The truth is that despite Bush’s “war on terror” and the American-led occupations of Afghanistan and Iraq, Islamist terrorism has continued to seethe and bubble across the world – and sometimes explode, as in Madrid in 2004 and London in 2005.

This summer, an attack on Glasgow Airport mercifully failed because of the terrorists’ own incompetence. And German counter-terrorism police foiled a plot (meant to mark the sixth anniversary of 9/11) which was aimed at truckbombing Frankfurt Airport and the US air base at Ramstein.

Yet the basic puzzle of 9/11 remains: exactly why did Osama Bin Laden decide to attack the World Trade Centre and other American targets?

It is clear enough that Bin Laden himself and Islamist militants everywhere are motivated by sheer hatred of America, her global hegemony and her materialist civilisation. This goes hand in hand with a passionate religious belief in the righteousness of the cause.

We’ve seen this in the videos of Bin Laden and of those young jihadists about to blow themselves up along with their fellow human beings.

But I have long thought that Bin Laden was also motivated by a specific strategic purpose in launching 9/11 – a wish to trap the United States into an ideological struggle with the Islamic world. He certainly succeeded in this – but only because Bush and his neo-con cronies have been all too willing to accept the challenge.

Why? Because just as much as Bin Laden and his fellow jihadists, they, too, see world affairs in simple terms of ideological conviction.

Remember, Bush and his vicepresident Dick Cheney are fundamentalist Christians, while Bush’s own political base lies in his fellow fundamentalists of the American ‘Bible belt’. And tragically for Britain, Tony Blair passionately shared Bush’s belief that world policy must be inspired by religious faith.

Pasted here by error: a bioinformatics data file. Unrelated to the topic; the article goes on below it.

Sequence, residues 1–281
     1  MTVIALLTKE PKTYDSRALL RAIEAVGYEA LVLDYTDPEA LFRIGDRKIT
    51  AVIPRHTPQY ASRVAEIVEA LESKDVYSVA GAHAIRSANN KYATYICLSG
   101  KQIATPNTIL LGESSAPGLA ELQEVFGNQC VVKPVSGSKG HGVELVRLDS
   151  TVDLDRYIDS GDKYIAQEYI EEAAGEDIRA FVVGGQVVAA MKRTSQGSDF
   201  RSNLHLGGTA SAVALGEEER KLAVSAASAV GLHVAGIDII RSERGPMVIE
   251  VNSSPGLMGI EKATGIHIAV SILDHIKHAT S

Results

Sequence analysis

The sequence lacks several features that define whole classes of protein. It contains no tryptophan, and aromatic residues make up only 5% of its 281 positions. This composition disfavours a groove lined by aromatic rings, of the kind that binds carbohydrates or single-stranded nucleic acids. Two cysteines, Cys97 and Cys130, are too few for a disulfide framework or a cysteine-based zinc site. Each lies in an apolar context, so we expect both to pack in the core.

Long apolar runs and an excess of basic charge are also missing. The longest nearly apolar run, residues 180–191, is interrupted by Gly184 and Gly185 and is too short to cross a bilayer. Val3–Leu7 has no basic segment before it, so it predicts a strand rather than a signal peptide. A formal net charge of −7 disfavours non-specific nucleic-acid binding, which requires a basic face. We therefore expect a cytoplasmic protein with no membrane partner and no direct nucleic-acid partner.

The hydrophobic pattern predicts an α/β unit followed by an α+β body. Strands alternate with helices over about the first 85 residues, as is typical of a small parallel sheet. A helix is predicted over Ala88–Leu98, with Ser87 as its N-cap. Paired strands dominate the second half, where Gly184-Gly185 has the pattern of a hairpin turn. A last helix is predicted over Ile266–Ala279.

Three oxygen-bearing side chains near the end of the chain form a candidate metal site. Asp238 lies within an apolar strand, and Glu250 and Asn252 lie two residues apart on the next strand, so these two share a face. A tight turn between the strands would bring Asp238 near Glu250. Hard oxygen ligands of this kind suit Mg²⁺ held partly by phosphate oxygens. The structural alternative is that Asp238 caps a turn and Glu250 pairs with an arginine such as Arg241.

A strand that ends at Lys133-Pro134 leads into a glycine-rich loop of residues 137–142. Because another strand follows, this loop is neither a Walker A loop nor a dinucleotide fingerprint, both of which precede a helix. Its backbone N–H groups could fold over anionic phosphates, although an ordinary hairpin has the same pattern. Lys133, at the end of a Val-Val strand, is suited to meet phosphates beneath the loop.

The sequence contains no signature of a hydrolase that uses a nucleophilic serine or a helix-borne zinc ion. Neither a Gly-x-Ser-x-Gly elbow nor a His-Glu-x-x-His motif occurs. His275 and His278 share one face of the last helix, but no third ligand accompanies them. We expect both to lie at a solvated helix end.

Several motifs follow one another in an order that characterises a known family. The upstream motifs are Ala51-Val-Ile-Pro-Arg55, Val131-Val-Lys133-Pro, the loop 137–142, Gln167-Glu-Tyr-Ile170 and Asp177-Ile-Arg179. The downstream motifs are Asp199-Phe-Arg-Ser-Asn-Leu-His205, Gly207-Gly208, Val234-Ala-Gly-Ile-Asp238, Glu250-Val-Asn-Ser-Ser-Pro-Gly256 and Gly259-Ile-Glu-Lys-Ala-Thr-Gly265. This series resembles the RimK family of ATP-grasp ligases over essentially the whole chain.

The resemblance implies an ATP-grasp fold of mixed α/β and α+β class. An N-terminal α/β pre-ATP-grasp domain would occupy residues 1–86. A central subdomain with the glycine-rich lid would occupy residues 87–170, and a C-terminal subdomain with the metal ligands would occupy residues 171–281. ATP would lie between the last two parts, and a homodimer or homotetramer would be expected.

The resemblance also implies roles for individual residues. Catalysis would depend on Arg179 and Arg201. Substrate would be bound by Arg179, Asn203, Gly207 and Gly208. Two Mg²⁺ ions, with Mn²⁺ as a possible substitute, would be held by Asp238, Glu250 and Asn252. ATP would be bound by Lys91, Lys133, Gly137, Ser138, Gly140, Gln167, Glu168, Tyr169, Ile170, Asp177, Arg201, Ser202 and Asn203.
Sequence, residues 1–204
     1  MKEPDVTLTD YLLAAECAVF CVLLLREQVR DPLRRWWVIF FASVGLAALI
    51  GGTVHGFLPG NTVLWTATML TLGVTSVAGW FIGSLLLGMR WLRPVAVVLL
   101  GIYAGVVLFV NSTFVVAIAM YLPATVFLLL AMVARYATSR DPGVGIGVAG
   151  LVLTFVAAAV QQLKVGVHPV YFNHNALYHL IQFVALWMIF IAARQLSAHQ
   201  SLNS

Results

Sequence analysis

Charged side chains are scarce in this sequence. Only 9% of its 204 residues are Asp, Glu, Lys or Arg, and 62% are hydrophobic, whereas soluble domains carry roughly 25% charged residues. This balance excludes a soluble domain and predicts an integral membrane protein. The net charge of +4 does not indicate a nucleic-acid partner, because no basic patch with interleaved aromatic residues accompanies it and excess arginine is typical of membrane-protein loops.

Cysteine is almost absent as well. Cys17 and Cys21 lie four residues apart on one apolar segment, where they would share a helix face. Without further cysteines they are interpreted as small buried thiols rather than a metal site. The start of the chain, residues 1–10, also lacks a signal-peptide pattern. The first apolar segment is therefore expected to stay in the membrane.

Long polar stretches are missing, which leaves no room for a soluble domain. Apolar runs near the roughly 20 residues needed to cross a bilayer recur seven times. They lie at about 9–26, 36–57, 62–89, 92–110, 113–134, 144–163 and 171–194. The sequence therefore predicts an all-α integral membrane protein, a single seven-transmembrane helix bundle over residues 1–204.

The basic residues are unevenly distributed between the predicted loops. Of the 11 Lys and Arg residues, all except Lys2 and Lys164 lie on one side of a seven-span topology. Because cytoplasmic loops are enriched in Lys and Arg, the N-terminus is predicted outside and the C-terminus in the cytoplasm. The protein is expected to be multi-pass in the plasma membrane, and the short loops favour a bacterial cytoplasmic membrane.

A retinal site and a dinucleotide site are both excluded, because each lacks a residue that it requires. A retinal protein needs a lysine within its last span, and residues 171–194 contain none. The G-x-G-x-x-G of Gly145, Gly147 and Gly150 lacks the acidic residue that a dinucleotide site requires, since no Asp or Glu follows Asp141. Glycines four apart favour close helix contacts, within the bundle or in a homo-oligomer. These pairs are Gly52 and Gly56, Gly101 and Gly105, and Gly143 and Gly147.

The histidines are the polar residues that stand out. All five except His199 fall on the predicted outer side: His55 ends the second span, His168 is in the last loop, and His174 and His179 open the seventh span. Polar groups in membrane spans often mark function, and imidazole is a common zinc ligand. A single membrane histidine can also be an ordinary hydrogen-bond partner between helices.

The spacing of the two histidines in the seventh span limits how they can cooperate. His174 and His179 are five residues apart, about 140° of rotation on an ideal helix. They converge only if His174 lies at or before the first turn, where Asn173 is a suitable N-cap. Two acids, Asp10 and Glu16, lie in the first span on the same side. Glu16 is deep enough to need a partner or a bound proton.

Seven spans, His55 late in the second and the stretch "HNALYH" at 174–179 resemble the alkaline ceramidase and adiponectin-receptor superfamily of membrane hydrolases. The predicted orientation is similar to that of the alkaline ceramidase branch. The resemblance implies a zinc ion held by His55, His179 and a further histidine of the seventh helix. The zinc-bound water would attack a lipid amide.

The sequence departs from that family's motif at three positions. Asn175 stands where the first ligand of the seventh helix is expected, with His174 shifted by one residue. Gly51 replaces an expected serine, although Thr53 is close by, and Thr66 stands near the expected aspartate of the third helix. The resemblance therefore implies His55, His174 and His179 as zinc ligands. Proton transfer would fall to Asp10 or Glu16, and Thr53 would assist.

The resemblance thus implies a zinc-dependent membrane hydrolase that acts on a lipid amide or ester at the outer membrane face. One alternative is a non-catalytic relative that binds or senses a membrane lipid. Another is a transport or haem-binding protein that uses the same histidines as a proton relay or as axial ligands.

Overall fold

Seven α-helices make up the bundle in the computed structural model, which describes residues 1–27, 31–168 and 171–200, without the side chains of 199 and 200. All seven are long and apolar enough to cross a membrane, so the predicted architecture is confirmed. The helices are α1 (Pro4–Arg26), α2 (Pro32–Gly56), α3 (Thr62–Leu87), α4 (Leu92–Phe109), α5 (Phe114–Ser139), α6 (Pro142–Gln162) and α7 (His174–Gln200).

The grim truth is that when George W. Bush declared “a global war on terror”, he was really announcing a jihad of his own – a struggle to convert the whole world to American-style capitalist democracy.

Only a couple of weeks ago, Bush trumpeted to a tame audience of the American Legion that the U.S. was engaged in “the first ideological war of the 21st century”.

So we have two global jihads colliding head on. The collision has transformed world affairs from the cool-headed fixing of deals into an apocalyptic conflict between Good and Evil.

“We” are the righteous, while our chosen enemy is “the Axis of Evil” or “the Great Satan” (take your pick) with whom no compromise is possible, and against whom any violence is permissible.

Al Qaeda and its associated jihadists massacre the innocent to the cry of “Allah Akbar” (‘God is Great’). Meanwhile, President Bush launches “shock and awe” aerial onslaughts on Iraqi and Afghan villages and cities in the sure belief that Jesus Christ wants him to spread democracy around the world.

Yet belief in the righteousness of the cause is only the vehicle for something deeper and even more alarming. And that something is sheer emotion. We see it in jihadist books and preaching. We see it in Bush’s inflamed rhetoric. We saw it in the preachings of Tony Blair.

Such emotion is terrifyingly dangerous. The great German philosopher on war, Carl von Clausewitz, pointed out that the intensity of a conflict is determined by the importance of the political object at stake.

If the war is about some limited issue like ownership of a province or control of an economic asset, then the war itself will be limited in violence, extent and duration.

But wars have no such limits if they are fuelled by mutual hatred, or inspired by rival political or religious faiths, or fought for national survival. Instead, they will escalate to extremes.

All three of these factors were true of the titanic struggle to the death between Nazi Germany and the Soviet Union in 1941-45.

Now we see a comparable mutual hatred and fear – comparable fanatical beliefs – fuelling the current struggle between the two jihads of Bush and Bin Laden.

Here lies the peril for the future. For how can “the Axis of Evil” and “the Great Satan” negotiate a businesslike compromise on the basis of live-and-let-live?